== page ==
Damijae is the best! - 11-year-old tops JCDC drama competition
The phrase ‘a little child shall lead them’ certainly applies to Damijae McCalla, who just turned 11. A student of Mona Preparatory School, he scooped up an armful of awards at the recently concluded Jamaica Cultural Development Commission (JCDC) Festival of the Performing Arts in the speech and drama competition.
McCalla, who has become accustomed to winning in various categories in the speech section of the competition, made his acting debut this year with a rather huge bang, winning Best Actor in his junior category, and Best Actor Overall in the competition. “Impressive and unbelievable,” were the words his speech and drama teacher, Brian Johnson, used to describe his young charge’s achievements.
Mona Preparatory, which is not a regular entrant in the drama section of the competition, this year entered with two plays, The Lost and Weather Or Not. “The festival is judged in four classes: junior, intermediate, senior and adult. Both plays made it to the national finals, junior category. I must applaud Amanda Dougan, Zuri-Kamali Vacca and Stephen Rose. Their performance in t he Lost received honourable mention in the judges’ address to the festival,” a proud Johnson said.
Weather Or Not, however, waltzed away with an astonishing (and perhaps record-breaking) nine awards: Best Junior Play; Best Skit; Best Costume Overall; Best Junior Actress –Saamanta Selvon; Best Junior Actor – Damijae McCalla, the Ranny Williams Award for the Best Actor Overall McCalla, Best Script Overall – Written by Johnson, Best Junior Director – Brian Johnson; and Best Director Overall – Johnson.
Johnson, while downplaying his own award-winning role, commended the students for their enthusiasm and their dedication to the task and for executing brilliantly. He also pointed out that what made their moment in the spotlight so special is that prep schools are not known to triumph in this area of the festival.
‘WEATHER Or NOT’
With regard to Weather Or Not, he explained, “We had actually started out with a different play, but it just wasn’t gelling, so one weekend, I went home and wrote Weather Or Not, and it hit the right note. The play is based on the true story of a woman in Tel Aviv, Israel, who sued Channel 2, along with the weather forecaster who had predicted that the day would be sunny. It turned out to be rainy and stormy. The woman had listened to the forecast and decided that she could leave home dressed lightly, and that turned out to be very inappropriate. She claimed that she caught the flu and missed out on four days of work.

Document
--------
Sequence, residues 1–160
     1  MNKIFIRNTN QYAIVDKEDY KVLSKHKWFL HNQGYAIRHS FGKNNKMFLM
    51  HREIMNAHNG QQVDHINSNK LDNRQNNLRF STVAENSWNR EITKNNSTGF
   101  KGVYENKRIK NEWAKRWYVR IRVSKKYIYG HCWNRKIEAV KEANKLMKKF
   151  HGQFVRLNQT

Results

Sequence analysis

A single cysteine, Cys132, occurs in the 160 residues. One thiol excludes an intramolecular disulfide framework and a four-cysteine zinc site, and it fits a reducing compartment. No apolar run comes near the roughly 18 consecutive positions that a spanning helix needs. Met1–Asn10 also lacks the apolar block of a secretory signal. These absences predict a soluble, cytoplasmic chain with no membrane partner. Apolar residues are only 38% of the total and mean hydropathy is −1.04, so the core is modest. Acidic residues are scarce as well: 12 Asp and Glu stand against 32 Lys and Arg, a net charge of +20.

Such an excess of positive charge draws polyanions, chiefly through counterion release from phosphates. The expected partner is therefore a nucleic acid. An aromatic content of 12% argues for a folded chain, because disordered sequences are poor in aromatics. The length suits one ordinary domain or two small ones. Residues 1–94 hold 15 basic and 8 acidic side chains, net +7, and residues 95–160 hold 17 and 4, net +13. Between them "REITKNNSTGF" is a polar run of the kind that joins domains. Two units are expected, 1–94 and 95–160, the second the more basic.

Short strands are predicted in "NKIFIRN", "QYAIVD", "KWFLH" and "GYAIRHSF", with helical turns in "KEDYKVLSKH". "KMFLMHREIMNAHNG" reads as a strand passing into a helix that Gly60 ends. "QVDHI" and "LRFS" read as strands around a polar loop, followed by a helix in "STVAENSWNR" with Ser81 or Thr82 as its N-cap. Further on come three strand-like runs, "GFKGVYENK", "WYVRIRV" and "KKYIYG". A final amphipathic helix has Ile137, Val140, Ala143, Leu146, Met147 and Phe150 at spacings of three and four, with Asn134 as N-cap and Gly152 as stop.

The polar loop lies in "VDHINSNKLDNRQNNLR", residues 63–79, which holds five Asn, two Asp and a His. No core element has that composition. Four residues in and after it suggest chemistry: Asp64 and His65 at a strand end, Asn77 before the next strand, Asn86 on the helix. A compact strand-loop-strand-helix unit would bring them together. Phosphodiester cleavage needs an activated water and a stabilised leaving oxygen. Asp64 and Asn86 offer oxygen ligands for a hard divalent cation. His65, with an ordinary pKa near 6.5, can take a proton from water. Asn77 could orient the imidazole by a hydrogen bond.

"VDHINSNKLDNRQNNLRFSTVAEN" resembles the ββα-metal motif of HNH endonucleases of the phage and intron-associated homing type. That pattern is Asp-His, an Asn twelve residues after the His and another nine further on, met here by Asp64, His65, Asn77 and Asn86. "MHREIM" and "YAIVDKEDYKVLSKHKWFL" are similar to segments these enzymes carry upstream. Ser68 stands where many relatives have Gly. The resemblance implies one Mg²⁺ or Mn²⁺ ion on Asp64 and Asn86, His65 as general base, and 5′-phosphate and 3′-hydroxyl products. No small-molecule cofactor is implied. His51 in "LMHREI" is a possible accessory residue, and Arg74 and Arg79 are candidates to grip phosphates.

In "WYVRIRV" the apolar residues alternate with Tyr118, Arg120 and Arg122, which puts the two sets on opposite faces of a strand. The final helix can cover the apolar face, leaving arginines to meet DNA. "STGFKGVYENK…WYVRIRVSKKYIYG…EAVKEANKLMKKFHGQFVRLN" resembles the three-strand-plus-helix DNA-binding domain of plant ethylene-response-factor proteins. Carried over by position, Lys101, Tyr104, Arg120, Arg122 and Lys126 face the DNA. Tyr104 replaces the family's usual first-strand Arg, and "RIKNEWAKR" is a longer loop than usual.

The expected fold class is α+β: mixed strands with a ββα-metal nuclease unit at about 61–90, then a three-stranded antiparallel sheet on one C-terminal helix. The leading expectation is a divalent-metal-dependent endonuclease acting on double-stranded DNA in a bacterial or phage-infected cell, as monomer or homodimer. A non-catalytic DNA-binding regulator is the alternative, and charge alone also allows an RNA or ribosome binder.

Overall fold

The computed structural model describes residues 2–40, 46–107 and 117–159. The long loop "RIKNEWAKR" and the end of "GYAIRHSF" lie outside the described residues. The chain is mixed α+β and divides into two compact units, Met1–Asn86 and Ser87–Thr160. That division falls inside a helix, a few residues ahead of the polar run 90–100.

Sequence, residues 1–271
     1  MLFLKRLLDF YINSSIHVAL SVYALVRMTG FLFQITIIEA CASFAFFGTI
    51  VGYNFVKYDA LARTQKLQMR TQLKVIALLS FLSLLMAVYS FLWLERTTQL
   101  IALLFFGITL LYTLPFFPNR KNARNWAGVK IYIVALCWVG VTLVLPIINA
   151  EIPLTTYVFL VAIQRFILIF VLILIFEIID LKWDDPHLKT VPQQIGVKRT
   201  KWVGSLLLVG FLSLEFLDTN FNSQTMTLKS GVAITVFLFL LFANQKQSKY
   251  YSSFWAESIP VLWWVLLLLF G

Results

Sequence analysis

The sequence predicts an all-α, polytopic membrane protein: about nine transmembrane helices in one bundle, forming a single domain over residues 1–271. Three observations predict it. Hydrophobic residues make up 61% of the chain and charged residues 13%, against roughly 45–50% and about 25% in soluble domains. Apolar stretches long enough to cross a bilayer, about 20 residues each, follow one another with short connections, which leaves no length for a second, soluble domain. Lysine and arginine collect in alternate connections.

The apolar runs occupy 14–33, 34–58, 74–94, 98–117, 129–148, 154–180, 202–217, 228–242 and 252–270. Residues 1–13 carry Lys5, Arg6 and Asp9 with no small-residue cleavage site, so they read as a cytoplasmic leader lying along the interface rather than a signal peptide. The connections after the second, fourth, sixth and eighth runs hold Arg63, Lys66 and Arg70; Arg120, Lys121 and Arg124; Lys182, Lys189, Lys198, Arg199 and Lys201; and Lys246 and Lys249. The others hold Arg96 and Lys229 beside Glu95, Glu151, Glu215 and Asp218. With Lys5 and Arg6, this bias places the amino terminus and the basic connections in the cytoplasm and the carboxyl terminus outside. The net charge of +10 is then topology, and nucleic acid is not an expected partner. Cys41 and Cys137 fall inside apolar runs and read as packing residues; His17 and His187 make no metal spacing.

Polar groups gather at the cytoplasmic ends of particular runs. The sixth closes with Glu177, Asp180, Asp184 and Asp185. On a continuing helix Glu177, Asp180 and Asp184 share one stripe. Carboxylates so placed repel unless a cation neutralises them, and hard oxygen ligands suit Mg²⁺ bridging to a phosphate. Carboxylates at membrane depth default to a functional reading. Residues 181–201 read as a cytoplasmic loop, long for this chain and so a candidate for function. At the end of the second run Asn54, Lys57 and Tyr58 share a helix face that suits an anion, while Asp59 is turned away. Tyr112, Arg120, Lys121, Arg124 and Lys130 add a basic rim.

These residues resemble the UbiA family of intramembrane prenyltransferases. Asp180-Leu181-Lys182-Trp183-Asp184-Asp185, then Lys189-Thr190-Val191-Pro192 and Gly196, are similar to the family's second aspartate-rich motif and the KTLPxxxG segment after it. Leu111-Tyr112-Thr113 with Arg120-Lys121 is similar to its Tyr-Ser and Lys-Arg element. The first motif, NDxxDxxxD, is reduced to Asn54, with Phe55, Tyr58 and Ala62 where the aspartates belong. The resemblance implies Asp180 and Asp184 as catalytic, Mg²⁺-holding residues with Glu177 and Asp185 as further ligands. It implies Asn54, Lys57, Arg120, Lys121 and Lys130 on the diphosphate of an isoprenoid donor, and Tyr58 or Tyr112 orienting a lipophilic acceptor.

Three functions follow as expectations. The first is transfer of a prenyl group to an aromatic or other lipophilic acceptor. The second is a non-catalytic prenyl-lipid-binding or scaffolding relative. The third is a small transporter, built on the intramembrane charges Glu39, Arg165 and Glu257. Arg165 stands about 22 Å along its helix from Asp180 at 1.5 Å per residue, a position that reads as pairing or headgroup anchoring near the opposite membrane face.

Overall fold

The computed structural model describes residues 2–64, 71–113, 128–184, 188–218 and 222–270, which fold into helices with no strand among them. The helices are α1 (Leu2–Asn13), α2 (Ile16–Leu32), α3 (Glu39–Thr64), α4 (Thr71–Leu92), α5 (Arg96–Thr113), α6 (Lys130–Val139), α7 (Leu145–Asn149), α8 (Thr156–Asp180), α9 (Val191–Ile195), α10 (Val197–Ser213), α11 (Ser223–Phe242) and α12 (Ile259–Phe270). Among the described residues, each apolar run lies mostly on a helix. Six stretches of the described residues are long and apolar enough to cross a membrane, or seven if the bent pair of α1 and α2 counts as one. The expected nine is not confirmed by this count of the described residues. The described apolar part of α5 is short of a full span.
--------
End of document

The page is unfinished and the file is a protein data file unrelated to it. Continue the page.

Of course, all of this is ‘Jamaicanised’, and Johnson creates an interesting balance between humour and sobriety in this frivolous law suit.
In choosing the students for each role, Johnson held auditions, and Damijae was chosen to play the lead attorney on behalf of the complainant – a role he enjoyed immensely. “The best part of the play, for me, was the closing argument,” he said with a huge grin as he took a quick look at the script and got into character to deliver a few of his award-winning lines. And, like his teacher said, Damijae was impressive.
As honest as only a child can be, McCalla said that he thinks the reason he excels at acting is simply that he likes to talk so much.
“When his mother brought him to me for the club, she explained that while he is an honour-roll student, all the teachers say that he talks a little too much. So he has found a way to use his voice in a meaningful way,” Johnson said of the gifted student.
And when Damijae isn’t doing schoolwork or studying his lines, he is just a regular 11-year-old boy.
“I play video games, watch television, read, and play chess sometimes,” he said.
As for next year, while Johnson is definitely planning on entering the speech section again, as usual, he is yet to decided if he will enter the drama category.
“We will see,” he said with a smile.